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Κάνω αρχή σε αυτό το νήμα με μια συνέτευξη ενός ανθρώπου που είχα την τύχη να δουλέψω μαζί του

και μπορώ να πω ότι εκτος από καλός master blender είναι και φοβερός άνθρωπος...

BERRY BROS AND RUDD - DOUG McIVOR

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By grainmash ⋅ February 8, 2009 ⋅Post a comment

http://www.grainmash.com/?p=619

This interview with Doug McIvor took place on 3 February 2009. We were sitting in the Parlour of Berry Brothers and Rudd’s London shop, where in 1923 the partners had the concept of a light coloured, approachable but high quality blended whisky – James McBey sketched out the line drawing – and the Cutty Sark Whisky was born.

GrainMash : Doug McIvor, whisky expert and guru, Keeper of the Quaich, we finally meet. You must be very grateful I agreed to rearrange. But joking aside, will you start by telling us a little about your career before joining Berry Brothers?

Doug McIvor : I’ve been working for BBR for 7 years now but broadly in the wine and spirits trade for 23 years. I started in the wine trade, progressed through specialist beers, and then in 1990, I answered an ad for a wine salesman required for a small family company, a wine merchant in Soho London.

And when I got there, I discovered that half the space was given over to whisky. And always having enjoyed a dram or two, I thought this looked like a pretty heavenly place. The company was called Milroys. By the time I left, 10 years later, we were not selling any wines, just whisky, and we had built the range up to about 1200 whiskies from around the world.

GrainMash : And then opportunity arose to join the world famous Berry Brothers and Rudd?

Doug McIver : Yes. Initially the role was to build up the sales of spirits in the London shop here, and then I took over the spirits buying duties and since then I have developed the range of whiskies and rums under the BBR “Berrys Own Selection” range.

There are two divisions here. On the other side of the company is Cutty Sark and Glenrothes, which is a global marketing operation, whilst I work for the wine division of the company, looking after spirits.

GrainMash : So how large is the range of whiskies currently available from Berry Brothers?

Doug McIvor : Well, 7 years ago we had a range of about 70 or 80, and now we are at around 400 different whiskies. But we are not trying to be like some of our competitors, and stock everything. We are trying to assemble a range that represents best quality and value for our customers.

GrainMash : And what service are Berry Brothers trying to offer the customers?

Doug McIvor : Some of our customers are very knowledgeable. Some come to Berry Brothers because they trust our knowledge and what we stand for. We have three very passionate people working in the spirits team and we try to pass our enthusiasm to other members of the company. So it doesn’t matter if you are with the staff here in the shop, the internet team, or the team in our Tokyo and Hong Kong offices, or our Dublin store - throughout the company we are trying to educate the staff so they are equally able to care for our customers. That was always the key philosophy of the company towards wine. In other words, we’re only going to sell spirits that we ourselves enjoy drinking.

GrainMash : Does that mean that the BBR whisky range has its own particular style or signature?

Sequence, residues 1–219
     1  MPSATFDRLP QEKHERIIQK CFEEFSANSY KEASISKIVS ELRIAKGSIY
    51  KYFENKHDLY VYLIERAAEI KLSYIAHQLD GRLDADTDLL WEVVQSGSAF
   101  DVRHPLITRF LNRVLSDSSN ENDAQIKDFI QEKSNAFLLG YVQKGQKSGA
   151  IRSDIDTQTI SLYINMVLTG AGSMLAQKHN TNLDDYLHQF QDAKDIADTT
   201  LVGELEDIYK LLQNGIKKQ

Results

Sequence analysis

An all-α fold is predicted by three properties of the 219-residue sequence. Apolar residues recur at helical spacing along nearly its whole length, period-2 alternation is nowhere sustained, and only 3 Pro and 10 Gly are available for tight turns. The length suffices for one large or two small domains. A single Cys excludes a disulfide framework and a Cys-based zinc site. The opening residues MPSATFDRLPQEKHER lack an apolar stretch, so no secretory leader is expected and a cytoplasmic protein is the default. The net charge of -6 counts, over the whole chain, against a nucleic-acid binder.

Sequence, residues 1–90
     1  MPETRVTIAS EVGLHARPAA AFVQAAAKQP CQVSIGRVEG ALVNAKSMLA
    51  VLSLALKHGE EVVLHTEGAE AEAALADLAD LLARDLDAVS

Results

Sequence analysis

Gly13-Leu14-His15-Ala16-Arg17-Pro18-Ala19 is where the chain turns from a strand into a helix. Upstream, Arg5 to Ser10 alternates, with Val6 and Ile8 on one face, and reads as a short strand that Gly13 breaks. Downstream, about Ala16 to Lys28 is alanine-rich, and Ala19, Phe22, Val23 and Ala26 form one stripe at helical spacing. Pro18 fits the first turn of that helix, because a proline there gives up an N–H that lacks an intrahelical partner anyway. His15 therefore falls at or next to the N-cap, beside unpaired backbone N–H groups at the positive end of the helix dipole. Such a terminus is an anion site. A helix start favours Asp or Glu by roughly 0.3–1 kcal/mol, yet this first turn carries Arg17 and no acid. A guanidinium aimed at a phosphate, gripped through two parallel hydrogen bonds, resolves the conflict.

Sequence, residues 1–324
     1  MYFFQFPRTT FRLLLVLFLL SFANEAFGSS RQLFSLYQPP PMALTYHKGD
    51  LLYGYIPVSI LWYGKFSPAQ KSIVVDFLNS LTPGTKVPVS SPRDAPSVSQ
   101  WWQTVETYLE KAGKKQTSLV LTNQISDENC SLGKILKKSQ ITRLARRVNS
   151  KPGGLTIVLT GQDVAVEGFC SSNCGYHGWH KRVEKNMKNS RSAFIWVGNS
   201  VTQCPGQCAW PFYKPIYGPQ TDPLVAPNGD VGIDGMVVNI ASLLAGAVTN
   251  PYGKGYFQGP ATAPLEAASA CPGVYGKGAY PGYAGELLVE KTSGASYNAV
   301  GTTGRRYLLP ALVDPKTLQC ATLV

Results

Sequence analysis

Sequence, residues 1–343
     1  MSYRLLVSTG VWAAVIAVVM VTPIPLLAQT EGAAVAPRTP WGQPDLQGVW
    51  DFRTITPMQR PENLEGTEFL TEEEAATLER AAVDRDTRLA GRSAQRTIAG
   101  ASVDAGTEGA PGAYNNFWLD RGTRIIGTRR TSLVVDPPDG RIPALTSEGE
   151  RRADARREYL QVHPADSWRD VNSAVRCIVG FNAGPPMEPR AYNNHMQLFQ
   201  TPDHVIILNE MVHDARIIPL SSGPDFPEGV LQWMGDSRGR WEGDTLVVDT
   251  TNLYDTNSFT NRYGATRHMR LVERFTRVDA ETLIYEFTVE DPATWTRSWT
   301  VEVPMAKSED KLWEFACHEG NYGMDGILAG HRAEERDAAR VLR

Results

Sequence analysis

Doug McIvor : Well, the BBR range that i look after? I like balance in a whisky. Whereas some people love heavy heavy sherry casks, I prefer to lose the heavier influences and try to have something subtle. The key to me is a balance of aroma, flavour and finish, but the real key is a really good mouth feel. If it’s all over too quickly, you lose most of what you are trying to achieve, and I like something that you can really chew for a long time before you swallow.

GrainMash : So, if your perfect whisky was a type of food, what would it be?

Doug McIvor : Well with whiskies, it’s a mood thing, the same as food. So whilst I might fancy a curry one night or a salad Nicoise another, it’s much the same with single malts. The analogy I would rather use is that when you get home in the evening, depending upon the kind of day you’ve had, you would know what you wanted to listen to. So perhaps you choose Sade for the mellow evening. The larger your knowledge of music, the larger your knowledge of single malts, the more your range will be refined. So, on a mellow evening perhaps it’s Neil Diamond and a mellow Speyside, whereas for Led Zeppelin perhaps a boisterous Islay would be better.

GrainMash : That’s a lot of fun, thank you. How many whiskies do you keep at home?

Doug McIvor : I’ve only got one on the go at home right now. And that’s a Black Adder smoking Islay, a cask strength, which was given to me by Robin Tucek when we were together earlier this year in Sweden. It’s just the perfect kind of warming dram for this weather! (This interview took place during the period of London’s heaviest snowfall in 16 years!)

GrainMash : And if someone put a gun to your head and asked for your “favourite” whisky?

Doug McIvor : It would be a Caol Ila. We do a few under Berry’s Own Selection, so I have a good supply to hand.

GrainMash : Last time I was here, Edward (Edward Bates) very kindly gave me half a bottle of Berry Brothers’ Blue Hanger Scots Whisky, the 4th Edition. Does that have a Caol Ila influence?

Doug McIver : No, that’s purely Speyside. There is a bit of smokiness, but I think that came through from a few of the older Speysides that were in there. It is actually made up from Glenlivet, Glen Elgin and Mortlach.

GrainMash : I noticed that it was a little cloudy too. Can you explain why?